On March 5, 1987, my son Neill Earl Smith was born. Three months later, he died of pneumonia. He was a victim of a rare neurological disorder known as Werdnig-Hoffman Syndrome. He would be 17 years old now. My wife and I have had five other children, but I still miss him.
The pediatrician knew from the very first time he saw Neill that something was wrong because Neill was a “floppy baby.” Neill looked perfectly normal to the untrained eye, but he couldn’t move his arms and legs like a normal baby. Unfortunately, the doctor wouldn’t tell us what he suspected. He wanted to do some tests. Then more tests. My wife began suspecting that the tests were not all about Neill’s welfare when multiple doctors at the University of Utah were invited to the examination room each visit. They seemed a little too interested in his symptoms and not enough interested in his life. Finally, when the doctors requested a muscle biopsy, we took Neill to a trusted friend, who recognized the problem immediately. We were told that Neill had almost no hope of surviving his first year.
We decided that Neill would beat the odds. He would be a miracle. We fasted. We prayed. We gave priesthood blessings. We sheltered him, and we loved him.
Then he caught a cold. Not a big deal for most babies, but Neill was a floppy baby. He was unable to cough up the mucus. His lungs filled with fluid. We fed him with a syringe, and he lost weight. Then, one evening, while Sue and I ate dinner in the next room, Neill stopped breathing as he lay on the couch. We didn’t hear anything unusual, but after I finished my dinner, I found him. We rushed him to the emergency room, but there was nothing that anyone could do.
I had never attended a funeral before I buried my son. It was a hot day in June. We dedicated the grave — the first and last time I have performed that priesthood ordinance — and we cried. Family and friends tried to comfort us, but we needed space to sort things out. Immediately after the funeral, Sue and I got into an old pickup truck and started driving. Destination: unknown.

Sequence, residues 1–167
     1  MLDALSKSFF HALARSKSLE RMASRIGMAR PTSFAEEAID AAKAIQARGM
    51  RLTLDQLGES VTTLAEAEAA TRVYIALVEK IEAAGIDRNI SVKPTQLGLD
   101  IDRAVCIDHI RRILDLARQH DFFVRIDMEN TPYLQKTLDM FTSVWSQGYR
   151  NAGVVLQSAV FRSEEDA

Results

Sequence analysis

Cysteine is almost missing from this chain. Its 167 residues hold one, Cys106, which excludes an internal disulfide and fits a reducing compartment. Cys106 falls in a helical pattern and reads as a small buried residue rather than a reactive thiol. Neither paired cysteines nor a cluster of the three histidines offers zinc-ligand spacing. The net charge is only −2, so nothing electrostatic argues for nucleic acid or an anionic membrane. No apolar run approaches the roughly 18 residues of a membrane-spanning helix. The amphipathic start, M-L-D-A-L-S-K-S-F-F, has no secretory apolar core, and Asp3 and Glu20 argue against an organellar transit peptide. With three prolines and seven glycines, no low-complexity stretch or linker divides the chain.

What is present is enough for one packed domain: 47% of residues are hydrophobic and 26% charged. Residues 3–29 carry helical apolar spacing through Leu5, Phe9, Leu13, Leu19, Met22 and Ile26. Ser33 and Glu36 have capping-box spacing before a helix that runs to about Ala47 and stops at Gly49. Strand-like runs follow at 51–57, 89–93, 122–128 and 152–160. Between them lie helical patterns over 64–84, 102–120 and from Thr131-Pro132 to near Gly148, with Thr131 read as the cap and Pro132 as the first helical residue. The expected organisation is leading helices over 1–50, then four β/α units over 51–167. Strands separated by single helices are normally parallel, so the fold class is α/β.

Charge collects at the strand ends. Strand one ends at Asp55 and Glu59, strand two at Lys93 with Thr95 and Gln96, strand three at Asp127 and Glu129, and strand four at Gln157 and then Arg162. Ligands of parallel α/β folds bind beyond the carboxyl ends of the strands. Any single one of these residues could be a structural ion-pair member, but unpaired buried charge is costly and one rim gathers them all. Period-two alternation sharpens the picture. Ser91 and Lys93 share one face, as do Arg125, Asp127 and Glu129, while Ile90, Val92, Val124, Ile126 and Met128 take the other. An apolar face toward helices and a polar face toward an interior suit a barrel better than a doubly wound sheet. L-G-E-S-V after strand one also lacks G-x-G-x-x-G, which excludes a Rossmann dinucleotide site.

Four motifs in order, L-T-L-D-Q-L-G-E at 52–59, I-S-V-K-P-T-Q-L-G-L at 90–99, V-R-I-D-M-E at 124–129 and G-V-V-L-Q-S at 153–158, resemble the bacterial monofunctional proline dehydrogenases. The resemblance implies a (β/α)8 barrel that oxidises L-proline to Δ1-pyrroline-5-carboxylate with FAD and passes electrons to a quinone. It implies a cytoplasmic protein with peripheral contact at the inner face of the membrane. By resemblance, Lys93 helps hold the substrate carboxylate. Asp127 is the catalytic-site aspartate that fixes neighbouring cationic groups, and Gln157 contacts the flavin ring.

Leaving from Salt Lake City, we made it to Provo by sundown. Sue suggested that we stop at the home of my mission president, Ed Morrell. We must have looked awful on his doorstep. When he answered the door, I said simply, “Neill died.” Sue burst into tears. He hugged her, and said, “You’ll have other children.” For some reason, this seemed to comfort us. President and Sister Morrell had lost a daughter of their own. They knew what we were feeling, and we talked for several hours. Fortunately, given our horrible emotional state, they insisted that we stay the night rather than driving on.
The next morning, we set out for the Utah desert. We drove to Bryce and Zion … St. George … Las Vegas … San Diego. We stopped because we hit the ocean, and because Sue’s sister lived there. We stayed for a day or two, then started back for Utah. While we drove, we talked and cried. I cannot remember most of what we said, but I remember alternating between bitterness and gratitude. When we arrived back at our apartment in Salt Lake City, my knees buckled. The first thing we saw when we opened the door was Neill’s bassinet. Although I thought that I had no more tears, I cried again.
Some people who have lost children take comfort in the idea that “families are forever.” Certainly, the Church’s teachings on infants in the eternities are inspiring to grieving parents. Still, the eternities can seem distant, almost to the point of irrelevance, when the present is filled with pain.
Now removed by many years from those events, I recall feeling that God was with me in the Utah desert and in the weeks and months that followed. When I expressed doubts, He assured me. Nevertheless, the pain receded slowly. We returned to Church in our home ward on Father’s Day. The Primary children sang, “I’m So Glad When Daddy Comes Home.” To me it seemed like a cruel joke. A few months later, sitting in a new apartment in Chicago, we read about a woman who had abandoned her healthy baby in a garbage dumpster. What kind of world is this?
Then, everything changed dramatically in the spring of 1988, when my daughter was born. A few minutes after delivery, Sue placed her index finger in Laura’s little palm, and the tiny baby fingers closed quickly and tightly in response. We knew immediately that Laura was healthy. We cried. Suddenly, the world seemed orderly again.